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Prince George city council approves closing tax loophole for daycare centres in schools

City council approves resolution it will take to North Central Local Government Association to ask province to find a way to collect those taxes
Prince George city council wants to have mechanism to collect the equivalent of property taxes from daycare centres operating in schools.

Prince George city council has approved a draft resolution to the North Central Local Government Association to close a loophole that allows daycare centres to operate in school buildings without paying property taxes to the city.

Through the NCLGA, the city will ask the Minister of Education and Child Care to provide a mechanism that will allow local governments to collect the equivalent of property taxes from childcare centres housed on school property.

Changes to the School Act several years ago resulted in several day cares in the city setting up in unused school spaces to address a shortage of childcare spaces. While council has no objections to that policy, it does want those businesses to pay taxes.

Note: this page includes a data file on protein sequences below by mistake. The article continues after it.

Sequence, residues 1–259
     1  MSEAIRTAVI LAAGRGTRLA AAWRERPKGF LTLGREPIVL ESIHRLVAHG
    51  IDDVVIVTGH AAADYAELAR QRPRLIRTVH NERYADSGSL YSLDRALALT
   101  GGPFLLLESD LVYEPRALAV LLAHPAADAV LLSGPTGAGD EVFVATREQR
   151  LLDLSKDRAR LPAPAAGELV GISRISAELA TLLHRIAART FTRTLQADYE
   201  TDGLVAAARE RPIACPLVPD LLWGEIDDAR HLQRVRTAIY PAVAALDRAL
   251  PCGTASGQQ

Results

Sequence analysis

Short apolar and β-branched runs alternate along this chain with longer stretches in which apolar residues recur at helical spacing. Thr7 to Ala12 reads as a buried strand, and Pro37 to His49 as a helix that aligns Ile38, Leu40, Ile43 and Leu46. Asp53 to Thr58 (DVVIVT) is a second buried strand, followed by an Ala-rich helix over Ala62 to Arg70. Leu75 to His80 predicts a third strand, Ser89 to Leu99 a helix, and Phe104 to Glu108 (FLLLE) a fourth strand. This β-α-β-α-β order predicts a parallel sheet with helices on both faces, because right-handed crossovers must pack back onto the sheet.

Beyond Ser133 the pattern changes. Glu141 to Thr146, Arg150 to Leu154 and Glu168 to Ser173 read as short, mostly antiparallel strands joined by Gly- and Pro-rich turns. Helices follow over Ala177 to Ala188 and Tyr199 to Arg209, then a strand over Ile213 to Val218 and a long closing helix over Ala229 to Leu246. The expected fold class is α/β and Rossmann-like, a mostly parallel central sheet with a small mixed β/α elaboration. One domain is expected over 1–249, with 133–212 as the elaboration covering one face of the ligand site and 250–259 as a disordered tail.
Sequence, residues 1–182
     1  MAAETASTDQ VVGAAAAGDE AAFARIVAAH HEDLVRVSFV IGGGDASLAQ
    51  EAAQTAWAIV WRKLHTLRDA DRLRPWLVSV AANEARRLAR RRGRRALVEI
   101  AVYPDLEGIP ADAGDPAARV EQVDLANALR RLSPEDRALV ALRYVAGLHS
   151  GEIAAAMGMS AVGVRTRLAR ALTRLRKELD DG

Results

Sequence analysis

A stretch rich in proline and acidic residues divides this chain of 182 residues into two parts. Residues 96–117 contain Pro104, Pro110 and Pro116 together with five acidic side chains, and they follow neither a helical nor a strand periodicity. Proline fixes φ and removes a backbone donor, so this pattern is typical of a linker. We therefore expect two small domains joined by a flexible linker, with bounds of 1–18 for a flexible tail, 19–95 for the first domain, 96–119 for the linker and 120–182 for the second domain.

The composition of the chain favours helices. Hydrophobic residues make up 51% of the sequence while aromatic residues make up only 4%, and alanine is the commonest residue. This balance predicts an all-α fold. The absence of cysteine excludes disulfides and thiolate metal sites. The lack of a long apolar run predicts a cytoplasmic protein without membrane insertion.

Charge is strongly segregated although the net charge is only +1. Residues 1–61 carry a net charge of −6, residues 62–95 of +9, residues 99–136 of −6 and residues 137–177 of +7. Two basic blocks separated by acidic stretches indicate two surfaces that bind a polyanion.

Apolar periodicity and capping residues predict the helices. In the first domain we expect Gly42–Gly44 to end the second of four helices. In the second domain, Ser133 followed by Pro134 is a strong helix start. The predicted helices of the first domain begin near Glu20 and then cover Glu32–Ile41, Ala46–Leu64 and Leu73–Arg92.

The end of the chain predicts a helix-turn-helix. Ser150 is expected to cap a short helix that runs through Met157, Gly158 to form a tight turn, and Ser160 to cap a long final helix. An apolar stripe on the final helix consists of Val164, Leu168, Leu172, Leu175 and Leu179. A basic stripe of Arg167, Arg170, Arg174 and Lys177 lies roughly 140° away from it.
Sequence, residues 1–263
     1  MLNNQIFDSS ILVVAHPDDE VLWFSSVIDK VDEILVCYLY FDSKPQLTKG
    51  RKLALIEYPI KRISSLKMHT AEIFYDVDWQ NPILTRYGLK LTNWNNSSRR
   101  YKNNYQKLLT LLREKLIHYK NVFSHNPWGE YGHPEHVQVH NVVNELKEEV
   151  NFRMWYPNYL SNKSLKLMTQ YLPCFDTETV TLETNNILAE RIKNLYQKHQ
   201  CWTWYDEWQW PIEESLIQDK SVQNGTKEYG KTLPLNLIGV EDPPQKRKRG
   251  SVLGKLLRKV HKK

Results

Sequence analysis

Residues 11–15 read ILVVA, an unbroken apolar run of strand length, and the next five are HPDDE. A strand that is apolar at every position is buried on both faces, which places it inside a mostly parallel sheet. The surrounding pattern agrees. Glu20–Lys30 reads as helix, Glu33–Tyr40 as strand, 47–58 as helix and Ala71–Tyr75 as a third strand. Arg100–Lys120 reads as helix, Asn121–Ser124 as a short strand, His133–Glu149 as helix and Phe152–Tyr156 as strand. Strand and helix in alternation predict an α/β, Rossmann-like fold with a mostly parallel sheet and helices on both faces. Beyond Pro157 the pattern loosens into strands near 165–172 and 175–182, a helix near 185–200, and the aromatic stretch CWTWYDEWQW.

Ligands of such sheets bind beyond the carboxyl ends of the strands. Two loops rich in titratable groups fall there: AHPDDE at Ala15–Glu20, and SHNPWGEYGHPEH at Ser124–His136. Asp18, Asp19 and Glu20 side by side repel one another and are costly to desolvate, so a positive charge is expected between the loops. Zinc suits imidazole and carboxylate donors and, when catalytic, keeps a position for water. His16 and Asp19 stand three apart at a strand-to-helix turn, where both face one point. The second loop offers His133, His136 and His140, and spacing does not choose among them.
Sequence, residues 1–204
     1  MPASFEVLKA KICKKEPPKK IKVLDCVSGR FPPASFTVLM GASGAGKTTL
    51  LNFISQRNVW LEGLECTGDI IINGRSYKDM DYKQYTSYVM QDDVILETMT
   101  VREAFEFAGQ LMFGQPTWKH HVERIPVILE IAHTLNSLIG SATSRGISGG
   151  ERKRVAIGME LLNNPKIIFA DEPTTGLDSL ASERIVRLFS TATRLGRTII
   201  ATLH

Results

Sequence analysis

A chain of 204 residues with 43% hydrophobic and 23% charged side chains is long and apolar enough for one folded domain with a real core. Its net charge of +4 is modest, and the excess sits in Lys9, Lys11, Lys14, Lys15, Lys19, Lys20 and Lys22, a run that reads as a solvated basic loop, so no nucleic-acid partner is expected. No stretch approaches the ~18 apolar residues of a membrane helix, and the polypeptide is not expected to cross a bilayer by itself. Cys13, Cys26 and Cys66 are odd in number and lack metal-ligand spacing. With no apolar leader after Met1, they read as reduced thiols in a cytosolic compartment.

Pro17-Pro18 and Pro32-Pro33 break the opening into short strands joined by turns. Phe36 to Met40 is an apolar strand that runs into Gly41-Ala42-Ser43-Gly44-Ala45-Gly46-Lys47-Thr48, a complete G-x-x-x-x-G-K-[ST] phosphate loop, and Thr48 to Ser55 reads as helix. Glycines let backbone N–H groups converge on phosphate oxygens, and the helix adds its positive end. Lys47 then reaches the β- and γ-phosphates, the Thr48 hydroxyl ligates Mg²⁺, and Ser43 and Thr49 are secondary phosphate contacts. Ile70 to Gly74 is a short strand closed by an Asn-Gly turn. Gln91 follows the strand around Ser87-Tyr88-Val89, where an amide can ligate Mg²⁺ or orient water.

“In conversations with both the ministry and Northern Health, we’re seeing a huge influx in the number of daycare centres being operating in schools,” said Coun. Tim Bennett, in Monday’s public meeting. “We recently saw an announcement of three new significant centres being built over the next three years on school district property, so I think it’s important that we start this conversation now, as it’s going to continue to have ripple effects.”

March 8 is the deadline for submissions to the NCLGA’s annual report and resolutions book and city staff  has prepared a draft letter submission on the daycare resolution as well as previous resolutions council has made.

Coun. Ron Polillo suggested the city should raise the school daycare taxation issue with the Union of B.C. Municipalities and ultimately with the province to provide clarity on how cities should go about collecting those taxes.

Polillo also suggested sening a copy of its resolution to School District 57 administration so the school district is not blindsided by the proposal.

“I think we have to balance it with the need for childcare spaces,” said Coun. Brian Skakun. “We want to make sure the folks going in to these vacant schools aren’t hit unexpectantly with a big tax bill. So we have to make  sure as we go forward we get some consultation with them as well.”